Charlotte County Florida Weekly

Might Florida allow “constitutional carry”?



Some of the states that have gone to permit-less carry allow gun owners to both conceal carry or open carry their weapons. Open carry means carrying in plain sight. The U.S. Concealed Carry Association says:

“Constitutional carry means that the state’s law does not prohibit citizens who can legally possess a firearm from carrying handguns (openly and/or in a concealed manner) thus no state permit is required.”

Florida currently bans open carry. It’s unclear whether Gov. Ron DeSantis would also be in favor of considering the open carry of weapons without a permit, or just ending concealed carry permits.

He won’t say.

When asked whether permit-less open carry could also be considered or whether the governor will call for a special session to address permit-less concealed carry, assistant press secretary Bryan Griffin simply referred back to statements Gov. DeSantis made at an April 29 press conference. “When we have more details to share, we will be glad to do so,” Mr. Griffin said. As of press time, no new details were released.



On April 29, Gov. DeSantis said: “Well, the one thing that I wanted the Legislature to do, and I think we will do it. I can’t tell you exactly when, but I am pretty confident that I will be able to sign constitutional carry into law. We used to be a leader on the Second Amendment. Now there’s like 25 states that have already done it… And so … the Legislature will get it done. I can’t tell you if it’s going be next week, six months, but I can tell you that before I am done as governor, we will have a signature on that bill.”

Those interviewed for this story believe any proposed law would focus on concealed carry without a permit rather than open carry.

But the issue is open.

“We have not seen a new bill,” said Patricia Brigham, president of Prevent Gun Violence Florida. “At this point in time, we’re talking about concealed permit less carry.”



Her organization is preparing in case the governor places the issue in special legislative session. “It’s a wild card right now, but it’s entirely possible based on what we’re hearing,” she said. The governor could also wait until next year’s legislative session, Ms. Brigham said. “But we’ve got to be ready and we’re coalition-building and we are prepared to fight, because we believe that this is very bad policy and would open the door to even more bad gun policy in Florida.”

“Now, depending on what the new bill is, I don’t know if they’re going to make that open (carry),” Ms. Brigham said. “I certainly hope not. That would make it even worse.”

State Rep. Anthony Sabatini, R-Howey-in-the-Hills, has already tried in the last three legislative sessions to pass a permit-less carry bill and failed to get it out of committee each time. The latest bill, HB 103, proposed in the 2022 session, called for both open and concealed carry without a permit.

If Gov. DeSantis has expressed support for permit-less concealed carry, why didn’t any of his bills see the light of day on the floor of the Legislature?

“It’s painfully obvious,” Rep. Sabatini said. The Republican leadership personally blocked the bill as being too controversial, he said. “Now that the governor decided he wants it passed, because they are cowards and fear the governor, they changed their tune.”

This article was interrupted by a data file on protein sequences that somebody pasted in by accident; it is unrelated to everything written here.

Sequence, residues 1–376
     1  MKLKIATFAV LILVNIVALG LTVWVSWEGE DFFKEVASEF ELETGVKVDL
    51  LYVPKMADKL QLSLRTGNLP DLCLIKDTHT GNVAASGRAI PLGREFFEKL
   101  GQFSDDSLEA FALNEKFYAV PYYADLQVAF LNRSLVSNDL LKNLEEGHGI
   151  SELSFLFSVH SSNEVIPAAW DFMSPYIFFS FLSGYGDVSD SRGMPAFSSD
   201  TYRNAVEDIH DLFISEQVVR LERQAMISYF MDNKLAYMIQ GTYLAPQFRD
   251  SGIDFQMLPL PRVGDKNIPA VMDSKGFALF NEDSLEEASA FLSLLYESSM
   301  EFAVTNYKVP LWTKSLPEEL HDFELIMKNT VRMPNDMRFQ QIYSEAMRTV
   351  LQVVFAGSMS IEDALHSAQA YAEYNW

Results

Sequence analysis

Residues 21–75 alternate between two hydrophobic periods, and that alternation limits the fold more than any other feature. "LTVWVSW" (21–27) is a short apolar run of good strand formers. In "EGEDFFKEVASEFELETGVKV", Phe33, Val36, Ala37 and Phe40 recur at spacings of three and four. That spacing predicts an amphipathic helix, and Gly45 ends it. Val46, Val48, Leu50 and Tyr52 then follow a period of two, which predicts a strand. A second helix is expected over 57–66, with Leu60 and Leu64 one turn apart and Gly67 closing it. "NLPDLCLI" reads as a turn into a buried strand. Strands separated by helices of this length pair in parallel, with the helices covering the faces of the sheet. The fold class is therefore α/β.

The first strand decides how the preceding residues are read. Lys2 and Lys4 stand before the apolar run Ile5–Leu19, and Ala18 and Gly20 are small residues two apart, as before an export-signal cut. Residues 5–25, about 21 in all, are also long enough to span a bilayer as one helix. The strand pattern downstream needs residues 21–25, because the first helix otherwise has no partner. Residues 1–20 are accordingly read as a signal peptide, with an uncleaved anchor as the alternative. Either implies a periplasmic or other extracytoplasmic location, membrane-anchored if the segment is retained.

Florida Senate President Wilton Simpson now says he will support constitutional, or permit-less carry. He is previously known for championing the Marjory Stoneman Douglas High School Public Safety Act in the wake of the 2018 massacre of 17 students and teachers there. He has also claimed in previous campaign literature that he wrote the bill.

He is currently running for commissioner of the state Department of Agriculture and Consumer Services, which oversees the concealed weapons permit program.

Mr. Simpson and his legislative aide did not respond to questions made through emails and phone calls requesting comment as to why he changed his mind about permit-less carry, whether it was due to his candidacy, and to address Rep. Sabatini’s claim that Republican leadership changed their mind about permit-less carry due to fear of the governor.

Instead, Katherine Betta, his deputy chief of staff for communications, referred to a statement Sen. Simpson has provided to the media as far back as six months ago.

“President Simpson is unwavering in his support for the Second Amendment rights of law-abiding Floridians, as evidenced by his A rating from the NRA, which he has earned over a decade of service in the Senate by sponsoring and supporting legislation that protects our constitutional right to keep and bear arms.”

Rep. Sabatini had also proposed another bill, HB 6007, which would have allowed for carrying a weapon or firearm, openly or concealed, in a college campus or university facility. That bill also failed.

Rep. Sabatini said he had “a very good feeling” that the governor would call for addressing the permit-less carry issue in a special session. ¦

One response to “Might Florida allow “constitutional carry”?”

  1. Robert Boyles says:

    While I fully believe in open carry I still believe that background checks are needed to at the very least start to weed out the undesirables. Coming from Michigan where open carry is allowed the laws differ if you have a concealed permit. Also before getting a concealed permit WITH a background check a gun safety and proper use class should also be required at a cost to the permit applicants. I understand that we will then have people out there saying it is unfair to the poor population however they are the group with the most unlicensed guns and domestic violence with guns. So please Governor DeSantis, put forth a Constitutional Carry bill that will allow our 2nd Amendment rights as well the safety of your constituents.

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